If we’re going to find jobs in the U.S. and the rest of the world, they’re going to have to be found in exactly the area where China is finding them — tertiary industry, or services.
How do you create service-industry jobs? By investing in cities and inter-city infrastructure like smart grids and high-speed rail. Services flourish where people are close together and can interact easily with the maximum number of people. If we want to create jobs in America, we should look to services... — blogs.reuters.com
Private nonresidential construction may pick up this year, as demand grows for new U.S. projects.
The Architecture Billings Index held at 52 last month, a sign of expansion, according to the American Institute of Architects. The commercial and industrial component -- a proxy for private building activity -- climbed to 54.1 in December, the highest in 10 months, the Washington-based association said Jan. 18. — bloomberg.com
Skyscrapers have an 'unhealthy' link with impending financial collapse, according to banking experts. [...]
Researchers pointed to the fact the world's first skyscraper, New York's Equitable Life building, was finished in 1873 during a five-year recession, while the Empire State Building coincided with the Great Depression. — dailymail.co.uk
As we approach the end of 2011, more and more attention will be applied towards answering the profound question: why is this year different than any other year (or why was it the same)? To facilitate this scrutiny, I've called upon Architecture Research Office (ARO) and Gustafson Guthrie Nichol (GGN), the recently announced Architecture Design and Landscape Architecture winners, respectively, of Cooper Hewitt's National Design Awards. — huffingtonpost.com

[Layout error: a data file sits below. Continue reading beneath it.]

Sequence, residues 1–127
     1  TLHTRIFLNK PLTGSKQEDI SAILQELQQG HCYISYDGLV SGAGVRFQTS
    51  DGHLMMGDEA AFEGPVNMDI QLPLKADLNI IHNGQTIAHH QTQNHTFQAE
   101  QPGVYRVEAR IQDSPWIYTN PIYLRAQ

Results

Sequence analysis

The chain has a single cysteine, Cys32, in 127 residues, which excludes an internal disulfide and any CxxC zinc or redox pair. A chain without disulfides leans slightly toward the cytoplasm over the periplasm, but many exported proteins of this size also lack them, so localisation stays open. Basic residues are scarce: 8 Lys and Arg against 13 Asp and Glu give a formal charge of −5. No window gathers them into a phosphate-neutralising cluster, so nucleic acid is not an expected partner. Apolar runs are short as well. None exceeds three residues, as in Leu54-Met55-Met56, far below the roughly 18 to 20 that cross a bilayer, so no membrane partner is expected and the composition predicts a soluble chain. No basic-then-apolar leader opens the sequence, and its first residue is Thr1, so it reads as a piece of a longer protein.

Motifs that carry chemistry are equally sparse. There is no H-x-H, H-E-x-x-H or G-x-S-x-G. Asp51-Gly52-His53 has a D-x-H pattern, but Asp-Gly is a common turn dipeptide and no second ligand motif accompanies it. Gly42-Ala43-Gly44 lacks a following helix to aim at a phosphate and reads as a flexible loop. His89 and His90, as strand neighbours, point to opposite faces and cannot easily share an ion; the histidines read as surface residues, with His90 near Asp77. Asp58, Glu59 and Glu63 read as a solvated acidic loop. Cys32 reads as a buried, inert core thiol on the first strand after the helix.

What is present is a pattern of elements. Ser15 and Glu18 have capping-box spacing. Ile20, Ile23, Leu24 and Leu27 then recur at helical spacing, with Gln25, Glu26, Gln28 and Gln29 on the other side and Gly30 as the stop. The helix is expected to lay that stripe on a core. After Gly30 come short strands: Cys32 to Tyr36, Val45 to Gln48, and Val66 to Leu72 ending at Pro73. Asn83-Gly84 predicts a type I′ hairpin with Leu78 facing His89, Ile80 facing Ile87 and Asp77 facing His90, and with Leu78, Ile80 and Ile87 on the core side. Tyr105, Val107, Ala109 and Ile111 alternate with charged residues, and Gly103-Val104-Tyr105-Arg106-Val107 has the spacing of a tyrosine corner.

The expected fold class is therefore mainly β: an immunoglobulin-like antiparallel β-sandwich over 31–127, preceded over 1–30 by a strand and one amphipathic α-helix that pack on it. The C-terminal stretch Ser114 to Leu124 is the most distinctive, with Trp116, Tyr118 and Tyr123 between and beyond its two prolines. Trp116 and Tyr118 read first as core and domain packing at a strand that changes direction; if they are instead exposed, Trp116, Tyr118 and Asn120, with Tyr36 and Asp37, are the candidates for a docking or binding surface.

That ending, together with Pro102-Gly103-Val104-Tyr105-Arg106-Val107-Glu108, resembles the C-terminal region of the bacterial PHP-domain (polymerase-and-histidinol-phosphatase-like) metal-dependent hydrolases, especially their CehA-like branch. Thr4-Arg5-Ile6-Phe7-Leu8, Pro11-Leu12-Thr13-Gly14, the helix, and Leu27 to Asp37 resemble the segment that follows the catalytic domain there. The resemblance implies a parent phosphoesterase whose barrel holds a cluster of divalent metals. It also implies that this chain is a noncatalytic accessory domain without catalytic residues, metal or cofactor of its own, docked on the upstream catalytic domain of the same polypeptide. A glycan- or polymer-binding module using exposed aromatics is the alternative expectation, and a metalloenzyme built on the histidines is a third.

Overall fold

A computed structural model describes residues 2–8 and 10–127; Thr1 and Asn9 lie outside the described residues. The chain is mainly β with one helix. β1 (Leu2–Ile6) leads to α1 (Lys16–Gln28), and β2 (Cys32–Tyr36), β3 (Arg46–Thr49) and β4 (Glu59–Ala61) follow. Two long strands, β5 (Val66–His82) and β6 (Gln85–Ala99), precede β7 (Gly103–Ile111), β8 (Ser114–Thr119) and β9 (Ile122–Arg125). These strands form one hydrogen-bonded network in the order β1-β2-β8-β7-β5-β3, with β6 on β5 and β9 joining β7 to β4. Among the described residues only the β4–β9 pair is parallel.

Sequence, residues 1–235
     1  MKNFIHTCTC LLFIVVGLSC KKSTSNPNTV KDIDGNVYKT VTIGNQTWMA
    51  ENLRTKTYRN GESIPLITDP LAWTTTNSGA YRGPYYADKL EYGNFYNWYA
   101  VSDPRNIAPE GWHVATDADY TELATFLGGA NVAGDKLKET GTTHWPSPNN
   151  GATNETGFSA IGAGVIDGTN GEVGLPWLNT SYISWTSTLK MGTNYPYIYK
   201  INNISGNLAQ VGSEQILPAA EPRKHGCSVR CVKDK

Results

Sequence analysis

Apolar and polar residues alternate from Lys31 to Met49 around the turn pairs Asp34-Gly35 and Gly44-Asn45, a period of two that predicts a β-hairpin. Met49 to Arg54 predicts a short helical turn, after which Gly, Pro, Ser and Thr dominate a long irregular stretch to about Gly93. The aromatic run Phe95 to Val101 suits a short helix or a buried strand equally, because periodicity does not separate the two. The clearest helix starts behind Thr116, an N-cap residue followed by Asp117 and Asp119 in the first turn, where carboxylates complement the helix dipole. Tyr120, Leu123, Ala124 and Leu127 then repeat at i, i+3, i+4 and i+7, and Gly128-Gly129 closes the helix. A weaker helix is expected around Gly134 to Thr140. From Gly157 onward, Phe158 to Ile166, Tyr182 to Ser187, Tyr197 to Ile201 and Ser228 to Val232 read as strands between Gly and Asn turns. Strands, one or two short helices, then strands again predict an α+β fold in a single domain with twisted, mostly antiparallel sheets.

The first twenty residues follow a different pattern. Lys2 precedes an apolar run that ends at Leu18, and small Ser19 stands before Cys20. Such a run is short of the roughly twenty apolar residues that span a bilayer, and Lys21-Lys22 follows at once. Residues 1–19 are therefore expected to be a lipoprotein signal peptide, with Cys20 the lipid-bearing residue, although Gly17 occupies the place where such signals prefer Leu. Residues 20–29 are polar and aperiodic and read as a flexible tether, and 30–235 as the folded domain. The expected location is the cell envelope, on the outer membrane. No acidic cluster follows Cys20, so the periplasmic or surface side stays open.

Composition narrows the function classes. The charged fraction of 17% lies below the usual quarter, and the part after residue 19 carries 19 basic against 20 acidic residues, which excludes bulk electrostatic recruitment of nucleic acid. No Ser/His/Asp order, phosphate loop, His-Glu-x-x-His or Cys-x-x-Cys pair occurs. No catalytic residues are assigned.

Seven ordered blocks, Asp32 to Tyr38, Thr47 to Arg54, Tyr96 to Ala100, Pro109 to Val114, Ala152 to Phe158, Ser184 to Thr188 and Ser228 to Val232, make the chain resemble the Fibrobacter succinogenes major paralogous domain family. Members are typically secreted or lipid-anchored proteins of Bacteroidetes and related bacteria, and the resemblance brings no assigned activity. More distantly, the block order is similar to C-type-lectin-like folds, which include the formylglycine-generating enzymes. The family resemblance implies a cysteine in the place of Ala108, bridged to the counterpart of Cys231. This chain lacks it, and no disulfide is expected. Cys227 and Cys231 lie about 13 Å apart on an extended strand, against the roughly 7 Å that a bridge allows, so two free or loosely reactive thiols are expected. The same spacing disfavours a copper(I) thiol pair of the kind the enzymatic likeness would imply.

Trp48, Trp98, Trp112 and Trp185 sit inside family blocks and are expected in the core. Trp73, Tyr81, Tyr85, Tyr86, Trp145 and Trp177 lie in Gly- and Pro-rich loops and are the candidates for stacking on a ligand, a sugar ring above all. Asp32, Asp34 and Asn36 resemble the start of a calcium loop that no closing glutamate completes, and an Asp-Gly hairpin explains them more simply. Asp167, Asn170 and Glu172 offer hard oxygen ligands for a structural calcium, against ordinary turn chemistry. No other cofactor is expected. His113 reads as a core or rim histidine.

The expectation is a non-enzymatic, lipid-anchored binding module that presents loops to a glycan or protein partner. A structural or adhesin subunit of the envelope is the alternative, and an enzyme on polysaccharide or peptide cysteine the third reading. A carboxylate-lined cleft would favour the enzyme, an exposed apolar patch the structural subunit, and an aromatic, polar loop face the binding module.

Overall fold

In London's case the practicality of the architecture is a reaction to the economic rather than the political excesses of the recent past. The 2012 Games are shaping up, in fact, as one of the clearest signs yet that the architectural boom years of the last decade or so in the West have definitively ended. — latimes.com
DeStefano Partners becoming units that, respectively, will focus on domestic, international projects — chicagotribune.com
“If you take a percentage and you work with western salaries, you can’t make it work,” Gehry said. “So it almost forces you to open an office in China and work with local people.” — Frank Gehry, via bloomberg.com
Following the first positive score in four months, the Architecture Billings Index (ABI) reversed direction again in September. As a leading economic indicator of construction activity, the ABI reflects the approximate nine to twelve month lag time between architecture billings and construction spending. The American Institute of Architects (AIA) reported the September ABI score was 46.9, following a score of 51.4 in August. — aia.org
This score reflects a sharp decrease in demand for design services (any score above 50 indicates an increase in billings). The new projects inquiry index was 54.3, down from a reading of 56.9 the previous month.
Williston used to build about five new homes a year. This year, Williston built 2,000 new homes. Next year, they're aiming for 4,000.